"Judge a man by his questions rather than by his answers." - VoltairE

4 thoughts about the Great Commission

Posted by Anne Witton on Monday, September 1, 2014 Under: Bible study
At the weekend, I had the privilege of speaking at Kelvin Grove Church in Gateshead. I shared some thoughts about the Great Commission, and thought it might be useful to summarise them here.

Matthew 28 is one of the most exciting chapters in the Bible. The preceding chapters have been an emotional roller coaster - Jesus has had the final meal with his friends, was betrayed by one of his closest followers, was arrested and dragged before the high priest. Then he was disowned by Peter, who had previously said ‘Even if all fall away on account of you, I never will’. Then Jesus was tried, mocked by soldiers and subjected to a humiliating and excruciating death. For his followers, there was confusion and despair, but then comes the extraordinary account of the resurrection when an angel appears to the women at the tomb to tell them that Jesus is risen, and then Jesus himself appears and tells everyone to come to Galilee.

Let’s pick up the story in Matthew 28: 16 - 20:

16 Then the eleven disciples went to Galilee, to the mountain where Jesus had told them to go. 17 When they saw him, they worshiped him; but some doubted. 18 Then Jesus came to them and said, “All authority in heaven and on earth has been given to me. 19 Therefore go and make disciples of all nations, baptising them in the name of the Father and of the Son and of the Holy Spirit, 20 and teaching them to obey everything I have commanded you. And surely I am with you always, to the very end of the age.”

Last words are important. From the flippant to the sincere, we tend to take note of the last thing on earth that someone says. Here are a few of my favourites:

Humphrey Bogart ““I should have never switched from Scotch to Martinis.”
Oscar Wilde “Either the wallpaper goes, or I do.”
John Wesley “The best of all is: God is with us.”
Chemist Michael Faraday “I shall be with Christ, and that is enough”

So what can we learn from Jesus’ last words?

  1. The gospel is for everyone, regardless of background, race, socio-economic group. Nation here means ‘ethnic group’ rather than political state. Jesus breaks social barriers and shows that everyone - rich and poor, male and female, Gentile and Jew - is to be made a disciple.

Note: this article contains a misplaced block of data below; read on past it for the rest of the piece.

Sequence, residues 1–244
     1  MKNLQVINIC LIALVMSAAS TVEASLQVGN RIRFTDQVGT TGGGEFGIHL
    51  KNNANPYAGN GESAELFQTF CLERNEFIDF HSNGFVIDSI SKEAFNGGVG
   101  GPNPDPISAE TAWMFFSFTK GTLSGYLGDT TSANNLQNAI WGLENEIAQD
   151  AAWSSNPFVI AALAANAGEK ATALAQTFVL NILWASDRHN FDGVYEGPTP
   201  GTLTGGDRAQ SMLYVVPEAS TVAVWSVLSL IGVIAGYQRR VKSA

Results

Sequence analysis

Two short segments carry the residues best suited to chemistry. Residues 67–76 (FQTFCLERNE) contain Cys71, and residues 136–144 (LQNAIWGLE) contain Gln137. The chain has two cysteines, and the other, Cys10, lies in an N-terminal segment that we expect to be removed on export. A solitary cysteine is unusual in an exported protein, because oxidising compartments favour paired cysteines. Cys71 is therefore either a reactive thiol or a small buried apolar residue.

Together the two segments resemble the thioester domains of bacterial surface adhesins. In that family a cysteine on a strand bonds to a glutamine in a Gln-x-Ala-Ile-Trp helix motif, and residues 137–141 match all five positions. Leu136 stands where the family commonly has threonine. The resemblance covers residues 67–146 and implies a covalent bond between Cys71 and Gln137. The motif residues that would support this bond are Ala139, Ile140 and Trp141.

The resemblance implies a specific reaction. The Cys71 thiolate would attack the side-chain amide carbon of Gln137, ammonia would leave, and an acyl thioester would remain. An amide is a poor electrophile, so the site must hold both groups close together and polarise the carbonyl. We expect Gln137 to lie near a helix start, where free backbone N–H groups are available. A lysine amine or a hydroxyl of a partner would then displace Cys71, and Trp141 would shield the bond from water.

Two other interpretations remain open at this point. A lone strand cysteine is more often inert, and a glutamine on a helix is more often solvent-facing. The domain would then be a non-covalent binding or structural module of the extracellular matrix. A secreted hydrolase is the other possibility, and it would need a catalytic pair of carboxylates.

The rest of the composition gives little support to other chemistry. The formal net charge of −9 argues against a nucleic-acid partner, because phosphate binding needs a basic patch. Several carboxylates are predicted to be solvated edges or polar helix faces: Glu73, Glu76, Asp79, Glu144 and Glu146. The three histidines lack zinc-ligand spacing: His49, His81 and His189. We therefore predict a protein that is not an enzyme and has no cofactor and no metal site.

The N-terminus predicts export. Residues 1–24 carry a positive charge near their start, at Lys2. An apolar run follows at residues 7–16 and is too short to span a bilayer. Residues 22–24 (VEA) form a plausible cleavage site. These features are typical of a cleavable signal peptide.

How does someone become a disciple?
    It can be summarised as

    Win people to the gospel
    Build them up in the gospel
    Send them out with the gospel

    In 2 Tim 2 we see the picture of that process of multiplying disciples: “The things you have heard me say in the presence of many witnesses entrust to reliable men who will also be qualified to teach others."

    Multiplication is a powerful thing. For example if someone shares a funny cat photo on Facebook with 3 friends and they each share it with 3 friends, and so on, in 10 steps 19,683 people will have seen a funny cat! Let's have the same attitude towards discipleship.

  2. Discipleship is about transformed lives. Everyone who has heard the gospel and responded by putting their trust in Jesus is a disciple and is to be taught to obey Jesus’ commands so that their lives can be transformed. Discipleship isn’t just about acquiring knowledge or going on a training course. It is about obedience to the teaching - allowing Jesus’ commands to shape the way we think and act. You might be able to analyse the Bible and know loads of theology, but it’s no good without a personal relationship with Jesus. It would be like understanding the workings of the internal combustion engine but not being able to drive - it's not going to get you far.

  3. Jesus is with us and empowers us. Jesus equips us with everything we need to do the work he has called us to do and is working in us, by the power of the Holy Spirit. It’s a huge comfort that the Risen Lord Jesus, who has paid the penalty for our sins and beaten death once and for all, is at work in all those who love him and follow him, and has promised to always be with us. I find that a real comfort, especially when the Christian life is hard, or when terrible things are happening in the world and it’s tempting to forget that God’s in control. Mission is God’s work and we need to do it in his strength. Think of about your TV for a second. When it's unplugged, it's useless. It needs a constant source of power to be effective and so do we.

  4. Jesus commissions weak, imperfect people. Remember who Jesus is talking to - Peter who denied Jesus, Thomas who refused to believe until he’d seen physical proof. Even here it says that some of his disciples doubted and yet he gives the commission to them. We don’t have to be perfect, or super-spiritual to do God’s work. We just have to be obedient, knowing that his power is sufficient for us.
We’re all called to do mission in one form or another and I’m privileged to be called into full-time ministry. Helping fulfill the Great Commission is what Agapé is all about!

In : Bible study 

Tags: bible "great commission" mission gospel evangelism discipleship 


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